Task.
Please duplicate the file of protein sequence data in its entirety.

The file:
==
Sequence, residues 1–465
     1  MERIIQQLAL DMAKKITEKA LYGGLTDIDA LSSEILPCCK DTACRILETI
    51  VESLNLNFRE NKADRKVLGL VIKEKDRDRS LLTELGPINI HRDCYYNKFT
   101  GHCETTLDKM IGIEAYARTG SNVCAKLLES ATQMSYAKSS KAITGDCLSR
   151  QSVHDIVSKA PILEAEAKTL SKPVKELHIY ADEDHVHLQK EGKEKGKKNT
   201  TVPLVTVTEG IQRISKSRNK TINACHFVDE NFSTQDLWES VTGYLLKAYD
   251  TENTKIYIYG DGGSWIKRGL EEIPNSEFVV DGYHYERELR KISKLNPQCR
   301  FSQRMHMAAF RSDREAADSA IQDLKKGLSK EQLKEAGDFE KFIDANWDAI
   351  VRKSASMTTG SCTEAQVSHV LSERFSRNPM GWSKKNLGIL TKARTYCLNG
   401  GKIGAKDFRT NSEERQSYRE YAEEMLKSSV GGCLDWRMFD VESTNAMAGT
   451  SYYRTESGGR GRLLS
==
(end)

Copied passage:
Sequence, residues 1–465
     1  MERIIQQLAL DMAKKITEKA LYGGLTDIDA LSSEILPCCK DTACRILETI
    51  VESLNLNFRE NKADRKVLGL VIKEKDRDRS LLTELGPINI HRDCYYNKFT
   101  GHCETTLDKM IGIEAYARTG SNVCAKLLES ATQMSYAKSS KAITGDCLSR
   151  QSVHDIVSKA PILEAEAKTL SKPVKELHIY ADEDHVHLQK EGKEKGKKNT
   201  TVPLVTVTEG IQRISKSRNK TINACHFVDE NFSTQDLWES VTGYLLKAYD
   251  TENTKIYIYG DGGSWIKRGL EEIPNSEFVV DGYHYERELR KISKLNPQCR
   301  FSQRMHMAAF RSDREAADSA IQDLKKGLSK EQLKEAGDFE KFIDANWDAI
   351  VRKSASMTTG SCTEAQVSHV LSERFSRNPM GWSKKNLGIL TKARTYCLNG
   401  GKIGAKDFRT NSEERQSYRE YAEEMLKSSV GGCLDWRMFD VESTNAMAGT
   451  SYYRTESGGR GRLLS